When is coughing considered a concern?

There is usually no need to see a family doctor if you have a cough. In this case, the recommended thing is to rest, drink plenty of fluids and stay at home if possible, avoiding contact with other people if you have a high temperature or don’t feel well. But when should coughing be viewed with concern? When to look for an expert?

If you have had a persistent cough (that is, it has lasted for more than 3 weeks), it is a sign that something is wrong. It is worth consulting a doctor. If you notice that the rhythm increases rapidly and is incessant, it could also indicate the need to seek specialist care.

You also cannot ignore if, in addition to coughing, you are experiencing chest pain. If the side of the neck is swollen and painful (i.e. if the glands are swollen) it also means it’s time to seek help. This also applies if you are having trouble breathing.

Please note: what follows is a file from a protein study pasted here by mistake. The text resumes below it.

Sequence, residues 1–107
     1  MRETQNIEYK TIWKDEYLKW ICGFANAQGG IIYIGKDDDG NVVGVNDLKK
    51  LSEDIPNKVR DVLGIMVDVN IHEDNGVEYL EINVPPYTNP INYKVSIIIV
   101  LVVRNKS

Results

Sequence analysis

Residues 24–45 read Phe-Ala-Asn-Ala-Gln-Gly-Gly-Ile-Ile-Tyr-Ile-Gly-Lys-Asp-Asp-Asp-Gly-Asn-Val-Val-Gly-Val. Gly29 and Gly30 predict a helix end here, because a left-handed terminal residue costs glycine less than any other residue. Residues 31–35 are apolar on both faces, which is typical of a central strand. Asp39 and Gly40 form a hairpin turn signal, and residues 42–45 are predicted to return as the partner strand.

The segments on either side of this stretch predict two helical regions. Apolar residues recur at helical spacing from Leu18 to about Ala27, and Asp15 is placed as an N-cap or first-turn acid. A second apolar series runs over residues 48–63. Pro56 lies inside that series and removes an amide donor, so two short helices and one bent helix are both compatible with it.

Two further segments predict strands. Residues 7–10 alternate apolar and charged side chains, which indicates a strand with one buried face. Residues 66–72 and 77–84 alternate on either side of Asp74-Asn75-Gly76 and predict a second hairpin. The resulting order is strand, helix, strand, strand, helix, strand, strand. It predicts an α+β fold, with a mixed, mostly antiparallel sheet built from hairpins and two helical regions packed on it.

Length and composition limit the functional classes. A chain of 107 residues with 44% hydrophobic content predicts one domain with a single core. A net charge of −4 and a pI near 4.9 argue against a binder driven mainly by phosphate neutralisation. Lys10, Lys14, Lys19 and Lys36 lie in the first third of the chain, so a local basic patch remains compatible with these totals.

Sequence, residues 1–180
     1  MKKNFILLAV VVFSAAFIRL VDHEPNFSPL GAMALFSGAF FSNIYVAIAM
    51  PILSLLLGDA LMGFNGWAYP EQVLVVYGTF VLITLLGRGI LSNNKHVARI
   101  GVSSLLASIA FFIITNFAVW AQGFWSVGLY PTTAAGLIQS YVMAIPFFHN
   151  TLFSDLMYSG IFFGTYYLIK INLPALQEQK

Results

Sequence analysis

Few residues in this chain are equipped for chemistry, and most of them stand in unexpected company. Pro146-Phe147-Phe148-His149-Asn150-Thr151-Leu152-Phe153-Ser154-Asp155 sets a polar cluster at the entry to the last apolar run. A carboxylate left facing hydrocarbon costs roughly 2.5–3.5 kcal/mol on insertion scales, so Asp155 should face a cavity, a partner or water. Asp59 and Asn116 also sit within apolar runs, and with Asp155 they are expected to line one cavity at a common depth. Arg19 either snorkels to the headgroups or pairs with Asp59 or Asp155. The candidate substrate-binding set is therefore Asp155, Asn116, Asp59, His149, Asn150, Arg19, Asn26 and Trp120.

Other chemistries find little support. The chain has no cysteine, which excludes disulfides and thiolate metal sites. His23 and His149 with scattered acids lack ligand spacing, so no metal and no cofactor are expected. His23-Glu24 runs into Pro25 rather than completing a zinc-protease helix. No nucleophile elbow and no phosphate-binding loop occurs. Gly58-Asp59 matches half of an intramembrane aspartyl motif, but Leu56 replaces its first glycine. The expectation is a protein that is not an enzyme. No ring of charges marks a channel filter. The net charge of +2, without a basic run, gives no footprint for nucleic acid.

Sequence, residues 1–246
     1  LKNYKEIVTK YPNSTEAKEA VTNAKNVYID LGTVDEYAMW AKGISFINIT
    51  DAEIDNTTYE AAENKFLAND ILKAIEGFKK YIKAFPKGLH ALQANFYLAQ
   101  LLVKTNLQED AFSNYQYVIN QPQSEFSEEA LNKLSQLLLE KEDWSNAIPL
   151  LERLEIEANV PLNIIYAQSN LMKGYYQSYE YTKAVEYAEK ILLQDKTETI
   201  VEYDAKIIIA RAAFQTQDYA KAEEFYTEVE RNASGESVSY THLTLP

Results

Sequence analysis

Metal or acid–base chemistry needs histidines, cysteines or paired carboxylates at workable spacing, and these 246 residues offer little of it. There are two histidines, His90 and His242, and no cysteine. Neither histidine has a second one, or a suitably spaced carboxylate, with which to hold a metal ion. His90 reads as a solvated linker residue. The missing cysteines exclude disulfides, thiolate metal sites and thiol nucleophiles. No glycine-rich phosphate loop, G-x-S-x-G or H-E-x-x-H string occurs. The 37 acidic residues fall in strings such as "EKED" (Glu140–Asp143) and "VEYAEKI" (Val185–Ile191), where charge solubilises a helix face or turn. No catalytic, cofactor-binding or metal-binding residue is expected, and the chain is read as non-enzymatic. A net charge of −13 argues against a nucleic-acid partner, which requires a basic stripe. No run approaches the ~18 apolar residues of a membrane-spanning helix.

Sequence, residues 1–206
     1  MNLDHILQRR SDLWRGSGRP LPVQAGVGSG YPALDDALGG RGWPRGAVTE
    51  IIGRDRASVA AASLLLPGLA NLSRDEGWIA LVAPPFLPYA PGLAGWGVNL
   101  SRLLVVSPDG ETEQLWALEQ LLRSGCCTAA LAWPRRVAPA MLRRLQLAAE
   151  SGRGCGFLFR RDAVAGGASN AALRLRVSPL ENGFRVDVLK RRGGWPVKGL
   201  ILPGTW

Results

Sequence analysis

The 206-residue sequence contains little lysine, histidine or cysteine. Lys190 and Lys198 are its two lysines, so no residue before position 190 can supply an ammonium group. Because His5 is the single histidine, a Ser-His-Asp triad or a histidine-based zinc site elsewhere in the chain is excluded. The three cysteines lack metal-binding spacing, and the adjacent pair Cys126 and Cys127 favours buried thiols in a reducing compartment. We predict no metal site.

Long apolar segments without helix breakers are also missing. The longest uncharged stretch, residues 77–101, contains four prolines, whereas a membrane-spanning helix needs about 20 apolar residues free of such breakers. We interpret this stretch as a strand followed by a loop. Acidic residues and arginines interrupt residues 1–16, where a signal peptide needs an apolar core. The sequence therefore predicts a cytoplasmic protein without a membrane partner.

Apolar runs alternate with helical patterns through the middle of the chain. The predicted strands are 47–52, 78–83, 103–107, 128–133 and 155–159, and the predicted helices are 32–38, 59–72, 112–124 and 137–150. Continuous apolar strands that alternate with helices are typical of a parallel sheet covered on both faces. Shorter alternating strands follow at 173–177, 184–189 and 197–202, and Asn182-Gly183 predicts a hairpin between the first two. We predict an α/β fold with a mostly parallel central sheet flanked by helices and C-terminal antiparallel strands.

There are some special cases where you need to see a doctor. For example, if you have a weakened immune system from chemotherapy or diabetes, any cough is a sign enough to make an appointment. In any case, if you are coughing up blood, the recommendation is that you seek a doctor urgently!

What causes the cough?

Coughing usually doesn’t indicate something serious, but in certain cases, it’s worth seeing a doctor (Image: Gpointstudio/Envato)

In practice, coughing is a protective mechanism for the lungs. The function is to eliminate the mucus (phlegm) normally formed in these organs. What happens is that, together with the secretion, foreign bodies and pathogens are placed out of the airways, protecting the respiratory system from various diseases. That’s why you shouldn’t hold your cough. If you feel like coughing, you should do it!

Most coughs are caused by a cold or flu, but other causes include smoking, heartburn (acid reflux), allergies, infections such as bronchitis, or even mucus running down your throat from the back of your nose. It’s worth noting that coughing is rarely a sign of something serious, like lung cancer. However, it is not safe to rule out the hypotheses without consulting a doctor first.

Source: NHS, Mayo Clinic

About Jenni Smith

She's our PC girl, so anything is up to her. She is also responsible for the videos of Play Crazy Game, as well as giving a leg in the news.

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